1. ## Ugh! Modules....

I'll write "$\displaystyle Z$" to denote the set of whole numbers

Let $\displaystyle n > 1$ be a whole number and let $\displaystyle a$ be a fixed whole number. Prove that

H = {x ∈ Z, such that ax ≡ 0 (mod n)}

is a subgroup of $\displaystyle Z$ in the sum.

In the sum is the part where I'm confused... I though you could only multiply with modules...?

2. Originally Posted by Tall Jessica
I'll write "$\displaystyle Z$" to denote the set of whole numbers

Let $\displaystyle n > 1$ be a whole number and let $\displaystyle a$ be a fixed whole number. Prove that

H = {x ∈ Z, such that ax ≡ 0 (mod n)}

is a subgroup of $\displaystyle Z$ in the sum.

In the sum is the part where I'm confused... I though you could only multiply with modules...?
Hi Tall Jessica,

Let $\displaystyle x,y \in H$, check if $\displaystyle xy^{-1} \in H$ and $\displaystyle x^{-1} \in H$ is true.
(Since it is under the operation of "+", $\displaystyle y^{-1}$ is the same as $\displaystyle -y$, so $\displaystyle xy^{-1} =x-y$)

3. Originally Posted by chabmgph
Hi Tall Jessica,

Let $\displaystyle x,y \in H$, check if $\displaystyle xy^{-1} \in H$ and $\displaystyle x^{-1} \in H$ is true.
(Since it is under the operation of "+", $\displaystyle y^{-1}$ is the same as $\displaystyle -y$, so $\displaystyle xy^{-1} =x-y$)

Okay, so...

I multiply both sides by $\displaystyle y^{-1}$, which gives me:

(ax)y^{-1} ≡ 0 (mod n)

(ay^{-1})(xy^{-1}) ≡ 0 (mod n)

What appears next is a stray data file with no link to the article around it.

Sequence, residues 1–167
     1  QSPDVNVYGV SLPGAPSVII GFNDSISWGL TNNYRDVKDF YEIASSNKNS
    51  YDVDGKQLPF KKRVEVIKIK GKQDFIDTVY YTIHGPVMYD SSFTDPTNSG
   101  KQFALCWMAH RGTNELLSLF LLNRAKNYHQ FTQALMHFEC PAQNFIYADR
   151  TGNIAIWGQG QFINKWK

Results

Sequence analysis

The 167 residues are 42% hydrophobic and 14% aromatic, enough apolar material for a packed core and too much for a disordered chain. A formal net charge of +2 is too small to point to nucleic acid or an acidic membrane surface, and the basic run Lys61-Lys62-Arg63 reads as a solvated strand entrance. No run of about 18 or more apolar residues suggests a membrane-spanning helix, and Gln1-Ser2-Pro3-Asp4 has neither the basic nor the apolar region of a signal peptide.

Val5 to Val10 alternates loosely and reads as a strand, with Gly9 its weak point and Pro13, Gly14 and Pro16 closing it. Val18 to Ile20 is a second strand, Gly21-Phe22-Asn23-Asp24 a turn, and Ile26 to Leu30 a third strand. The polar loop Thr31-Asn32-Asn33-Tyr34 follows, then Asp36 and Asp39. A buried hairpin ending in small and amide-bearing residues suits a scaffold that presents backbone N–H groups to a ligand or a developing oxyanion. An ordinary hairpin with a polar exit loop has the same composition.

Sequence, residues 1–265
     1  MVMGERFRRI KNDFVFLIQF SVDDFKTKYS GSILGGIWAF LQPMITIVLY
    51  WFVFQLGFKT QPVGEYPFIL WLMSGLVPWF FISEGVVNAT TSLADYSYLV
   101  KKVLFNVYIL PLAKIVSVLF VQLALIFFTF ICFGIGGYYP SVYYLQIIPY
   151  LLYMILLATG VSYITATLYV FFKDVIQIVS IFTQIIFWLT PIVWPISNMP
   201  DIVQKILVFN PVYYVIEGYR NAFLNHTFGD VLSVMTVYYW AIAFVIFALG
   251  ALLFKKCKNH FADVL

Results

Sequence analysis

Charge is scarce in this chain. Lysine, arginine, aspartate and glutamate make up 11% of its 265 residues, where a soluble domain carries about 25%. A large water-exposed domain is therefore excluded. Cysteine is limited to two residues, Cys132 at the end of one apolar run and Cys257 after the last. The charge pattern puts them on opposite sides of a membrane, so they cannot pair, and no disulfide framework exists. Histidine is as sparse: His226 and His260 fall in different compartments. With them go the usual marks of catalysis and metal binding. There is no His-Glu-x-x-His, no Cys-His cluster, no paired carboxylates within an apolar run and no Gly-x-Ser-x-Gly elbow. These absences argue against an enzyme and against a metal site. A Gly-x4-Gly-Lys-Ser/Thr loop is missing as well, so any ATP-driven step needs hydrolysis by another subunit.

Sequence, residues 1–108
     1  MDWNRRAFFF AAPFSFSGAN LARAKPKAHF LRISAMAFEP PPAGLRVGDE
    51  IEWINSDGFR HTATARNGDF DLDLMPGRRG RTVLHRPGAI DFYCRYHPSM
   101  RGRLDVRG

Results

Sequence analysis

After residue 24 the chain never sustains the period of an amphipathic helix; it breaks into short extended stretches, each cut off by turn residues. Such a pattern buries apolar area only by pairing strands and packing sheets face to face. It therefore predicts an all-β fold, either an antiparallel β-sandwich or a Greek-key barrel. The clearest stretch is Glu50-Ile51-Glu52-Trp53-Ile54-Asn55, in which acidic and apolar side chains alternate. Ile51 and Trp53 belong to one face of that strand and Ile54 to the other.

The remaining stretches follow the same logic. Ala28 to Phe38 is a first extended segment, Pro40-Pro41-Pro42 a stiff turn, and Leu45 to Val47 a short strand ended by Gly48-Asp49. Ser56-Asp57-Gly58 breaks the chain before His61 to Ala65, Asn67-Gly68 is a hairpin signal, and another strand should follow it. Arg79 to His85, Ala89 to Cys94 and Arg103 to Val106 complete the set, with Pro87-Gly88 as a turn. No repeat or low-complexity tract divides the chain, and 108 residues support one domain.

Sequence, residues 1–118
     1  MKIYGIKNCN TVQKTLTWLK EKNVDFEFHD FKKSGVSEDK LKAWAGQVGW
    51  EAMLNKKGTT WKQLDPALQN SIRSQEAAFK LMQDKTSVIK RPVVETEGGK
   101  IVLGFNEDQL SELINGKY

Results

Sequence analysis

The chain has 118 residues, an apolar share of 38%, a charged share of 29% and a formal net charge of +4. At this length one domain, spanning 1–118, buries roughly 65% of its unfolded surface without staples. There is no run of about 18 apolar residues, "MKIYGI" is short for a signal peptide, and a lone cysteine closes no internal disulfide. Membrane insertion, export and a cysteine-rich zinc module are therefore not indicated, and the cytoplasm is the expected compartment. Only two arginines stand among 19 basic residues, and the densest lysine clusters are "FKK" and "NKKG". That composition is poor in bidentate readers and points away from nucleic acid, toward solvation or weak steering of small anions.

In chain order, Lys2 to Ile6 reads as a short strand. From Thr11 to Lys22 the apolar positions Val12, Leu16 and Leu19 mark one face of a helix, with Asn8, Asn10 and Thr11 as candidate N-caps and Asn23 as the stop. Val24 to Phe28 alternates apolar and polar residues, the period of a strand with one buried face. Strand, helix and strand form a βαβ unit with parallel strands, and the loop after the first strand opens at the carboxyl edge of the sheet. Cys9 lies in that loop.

(a-y)(x-y) ≡ 0 (mod n)

...is this okay? I'm soooo lost... lol!

4. Originally Posted by Tall Jessica
Okay, so...

I multiply both sides by $\displaystyle y^{-1}$, which gives me:

(ax)y^{-1} ≡ 0 (mod n)

(ay^{-1})(xy^{-1}) ≡ 0 (mod n)

(a-y)(x-y) ≡ 0 (mod n)

...is this okay? I'm soooo lost... lol!
Well, you can't assume that $\displaystyle (xy^{-1}) \equiv 0 \mod n$, can you? That is what you are trying to prove. lol. (I know, I have those moments too.)

You may want to try this:
Since $\displaystyle x,y \in H$, we have
$\displaystyle ax \equiv 0 \mod n$
$\displaystyle ay \equiv 0 \mod n$
Then, $\displaystyle ax - ay \equiv 0 \mod n$
...
Does that help?

5. Originally Posted by chabmgph
Well, you can't assume that $\displaystyle xy^{-1} \equiv 0 \mod n$, can you? That is what you are trying to prove. lol. (I know, I have those moments too.)

You may want to try this:
Since $\displaystyle x,y \in H$, we have
$\displaystyle ax \equiv 0 \mod n$
$\displaystyle ay \equiv 0 \mod n$
Then, $\displaystyle ax - ay \equiv 0 \mod n$
...
Does that help?
Oy, vey! It's NOT my day! lol! I HATE modules! I'll be honest, I can hardly work them.

Let's see...

$\displaystyle ax - ay \equiv 0 \mod n$

I can take out a common factor $\displaystyle a$

$\displaystyle a (x - y) \equiv 0 \mod n$

Which would give me

$\displaystyle a xy^{-1} \equiv 0 \mod n$

...yes?

6. Originally Posted by Tall Jessica
Oy, vey! It's NOT my day! lol! I HATE modules! I'll be honest, I can hardly work them.

Let's see...

$\displaystyle ax - ay \equiv 0 \mod n$

I can take out a common factor $\displaystyle a$

$\displaystyle a (x - y) \equiv 0 \mod n$

Which would give me

$\displaystyle a xy^{-1} \equiv 0 \mod n$

...yes?

So that means $\displaystyle xy^{-1} \in H$, Now don't forget to check if $\displaystyle x^{-1} \in H$ is true.

7. I knew it :-)

I'm awsome! lol!!

Thank you :-)

8. Originally Posted by chabmgph

So that means $\displaystyle xy^{-1} \in H$, Now don't forget to check if $\displaystyle x^{-1} \in H$ is true.

Wait. If $\displaystyle x \in H$ is true, doesn't it mean that $\displaystyle x^{-1} \in H$ is also true?

9. Originally Posted by Tall Jessica
Wait. If $\displaystyle x \in H$ is true, doesn't it mean that $\displaystyle x^{-1} \in H$ is also true?
Yup.
Since ax is divisible by n, -ax = a(-x) is also divisible by n.

10. Originally Posted by chabmgph
Yup.
You're just givin' me the runaround!

You meanie!

(Thanx) :-)